All the tantrums and bickering we have seen and heard from Rivers State Governor Nyesom Wike in the past months is nothing compared to what is coming in the next few months. So he said.

The governor said he has just started politics.

“All the ones I was doing before are not politics. It’s now I’m doing politics,” he said last week.

It was one of the many meetings the governor held and this time, he had almost everything he needed to make his regular utterances: a microphone, a solemn atmosphere and the right audience – the kind that completes his sentences and applauds after every phrase. The only thing missing at that rendezvous was his live band.

He wondered why the Peoples Democratic Party (PDP) would not stop sending emissaries to him to plead and convince him to support the party’s presidential candidate, Atiku Abubakar. He maintained that while he will not exit the party, he will play no role in its presidential campaign unless, of course, his demand is met – that the national chairman, Iyorchia Ayu, resigns.

Earlier, the governor said there would be no peace in the party until Mr Ayu leaves and that he would fight till the end.

Hard as they might try to hide it, Mr Wike has been a cause for concern to Atiku and the party’s leadership. Although the PDP said campaigns will go on without Mr Wike and its other aggrieved governors, Atiku has sent several groups to plead with the Rivers governor.

In the penultimate week, the governor went after members who are loyal to Atiku in Rivers State. He derecognised Celestine Omehia as a former governor of the state.

In 2007, the Supreme Court removed Mr Omehia as governor over no offence that he committed in person. He had been asked to replace Rotimi Amaechi whom the PDP disqualified as its governorship candidate. Mr Omehia won that election easily.

But the Supreme Court later voided Mr Amaechi’s disqualification and declared him the rightful winner of the election – an election that he played no part in. Mr Omehia was not officially recognised as a former governor in the state until Mr Wike assumed office and recognised him as such.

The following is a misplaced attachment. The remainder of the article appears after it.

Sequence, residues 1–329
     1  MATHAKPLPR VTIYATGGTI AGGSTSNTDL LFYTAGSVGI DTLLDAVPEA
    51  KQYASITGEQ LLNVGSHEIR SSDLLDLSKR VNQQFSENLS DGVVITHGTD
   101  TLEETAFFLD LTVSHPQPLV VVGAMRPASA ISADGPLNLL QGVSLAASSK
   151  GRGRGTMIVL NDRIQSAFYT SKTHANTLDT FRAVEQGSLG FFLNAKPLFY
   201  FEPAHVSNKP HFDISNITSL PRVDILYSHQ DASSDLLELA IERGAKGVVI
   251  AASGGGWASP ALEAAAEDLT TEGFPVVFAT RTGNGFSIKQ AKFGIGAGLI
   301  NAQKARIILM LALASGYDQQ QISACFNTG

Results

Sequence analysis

Now, Mr Wike has changed his mind, describing the recognition as improper. He asked Mr Omehia to refund every kobo he has been paid as financial entitlements, amounting to about N600 million. His monthly pension of almost N100 million has also been stopped.

If anything, Mr Wike’s actions in the last two weeks are enough to show just how far he is willing to go to frustrate the efforts of Atiku and the PDP.

More shots at Ayu

Next was a media chat Mr Wike had with select journalists on Friday – the second media chat in three weeks. Many who came across the advertorial knew that he was about to spill some more beans about the party and Mr Ayu.

It generated just as many reactions as the cost implications for organising such media parleys. Many Nigerians on social media wondered why the governor, who is not running for any political office in the coming year, deems it necessary to always invite the press, pay for airtime and just rant.

This time, Mr Wike opened more cans of worms as he accused Mr Ayu of receiving a double pay of N100 million from a PDP governor and the party’s National Working Committee (NWC) for the same project.

“In fact, let me also tell you, Ayu collected N100 million from a governor that he was going to renovate our democratic institute and then he (Ayu) went back to the (PDP) NWC and took the same N100 million naira for doing the same work.”

He challenged Mr Ayu to deny it and said he would reveal more details about the double pay including the name of the said governor.

“If people know what we know, if we release what we have, Ayu’s children will go to him and say we are no longer your children,” Mr Wike said.

It is the second time the governor would accuse Mr Ayu of being fraudulent. Weeks ago, he said Mr Ayu collected up to N1 billion from members of the party. He also accused Mr Ayu of bribing some members of the party’s National Working Committee to have them on his side.

Mr Wike’s allegations generated more controversy when some members of the NWC began to return money to the chairman. At least four NWC members returned over N120 million. The sum ranged from N28 million to N36 million. In separate letters to the chairman, they said they had to return the money tagged ‘housing allowance’ because of allegations in the media that it was a bribe.

A stressed Ayu

Mr Ayu is stressed. Mr Wike’s tantrums are obviously taking a toll on him. After the back and forth he had with some of Mr Wike’s supporters weeks ago about who is a child and who is not and whether or not he should resign, the chairman decided to stop responding to comments made against him by the governor or his supporters – for the sake of peace.